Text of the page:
-A teenager with some moderate skill in various kinds of fighting, who then receives intense personal training from a supremely skilled teacher, day in and day out for months. The main focus is the bastard sword, hand-to-hand and stealth, but the goal is to make him a very flexible and diverse fighter.Teenager what age? Big difference between thirteen and seventeen. But keep in mind that adulthood at 18 or even 21 is a very modern concepts. In medieval times, adulthood was closer to 15 than to 20. Training at a young age is important to build up muscle mass and simply experience. For a weapon which needs a relatively high degree of skill, such as a sword, you can expect a few years of training to be necessary to be sufficiently proficient.

-A character who enters into a sort of super soldier program in her early teens. She's mostly trained with a big claymore-like sword (to take maximum advantage of superhuman strength), but also learns to use a smaller backup weapon and learns grappling as well as fighting from horseback.Again, no historic baseline for supersoldiers. Go with whatever you need for the story.

Drachen Jager
06-30-2010, 10:13 PM
I mean, martial artists apparently take years to learn their skills, but modern army training only takes months. What gives? What is a realistic training period?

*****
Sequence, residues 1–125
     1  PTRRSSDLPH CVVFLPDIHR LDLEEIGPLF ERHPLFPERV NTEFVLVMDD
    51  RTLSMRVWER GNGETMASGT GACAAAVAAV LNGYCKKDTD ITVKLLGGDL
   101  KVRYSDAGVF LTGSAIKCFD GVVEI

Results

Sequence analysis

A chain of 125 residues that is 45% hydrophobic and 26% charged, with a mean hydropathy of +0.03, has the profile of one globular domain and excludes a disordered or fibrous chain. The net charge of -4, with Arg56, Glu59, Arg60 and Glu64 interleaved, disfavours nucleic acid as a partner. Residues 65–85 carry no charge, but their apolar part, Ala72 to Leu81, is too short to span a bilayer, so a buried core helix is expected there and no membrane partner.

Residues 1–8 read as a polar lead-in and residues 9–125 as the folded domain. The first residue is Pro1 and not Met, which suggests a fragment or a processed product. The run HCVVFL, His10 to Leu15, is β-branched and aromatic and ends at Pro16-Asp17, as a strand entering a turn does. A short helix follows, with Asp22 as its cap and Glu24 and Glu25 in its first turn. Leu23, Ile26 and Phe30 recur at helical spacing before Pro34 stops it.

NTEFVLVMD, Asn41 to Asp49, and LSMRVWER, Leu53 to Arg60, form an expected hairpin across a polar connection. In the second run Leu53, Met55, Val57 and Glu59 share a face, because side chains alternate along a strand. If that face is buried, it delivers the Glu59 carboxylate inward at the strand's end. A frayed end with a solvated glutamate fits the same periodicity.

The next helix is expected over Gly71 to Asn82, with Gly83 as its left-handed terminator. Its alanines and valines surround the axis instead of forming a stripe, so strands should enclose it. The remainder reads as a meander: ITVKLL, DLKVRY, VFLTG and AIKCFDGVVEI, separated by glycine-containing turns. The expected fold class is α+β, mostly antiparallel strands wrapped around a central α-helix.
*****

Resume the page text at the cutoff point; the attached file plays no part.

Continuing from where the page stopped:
Muskets, when they were first coming in to use were no more effective, and perhaps even LESS effective than longbows.

But good longbowmen needed to start training as children and you could get musketeers trained within a few months.

Also, modern military BASIC training takes several months (10 weeks in my experience) but then you split off into trades. They then go on to about 4-12 months of additional training depending on the speciality, and that's just for a private. As they attain higher ranks the soldier needs to go back for more training.

But really only small portion of that training is dedicated weapons training.

efreysson
07-01-2010, 10:51 AM
No real ninja/commandoes ever existed, so there's no realistic data to set a baseline.


I know, I was just thinking of the Hollywood ninja stereotype. How long does it take to train modern commandoes? The types who sneak behind enemy lines to sabotage and slit throats?



Again, no historic baseline for supersoldiers. Go with whatever you need for the story.Well, I got the superhuman stuff covered. What I need to know is how long it would take to learn the other skills that they have (claymore, arming sword, advanced riding, unarmed striking), and at what age they might realistically graduate from the program.

GeorgeK
07-01-2010, 03:04 PM
I know, I was just thinking of the Hollywood ninja stereotype. How long does it take to train modern commandoes? The types who sneak behind enemy lines to sabotage and slit throats?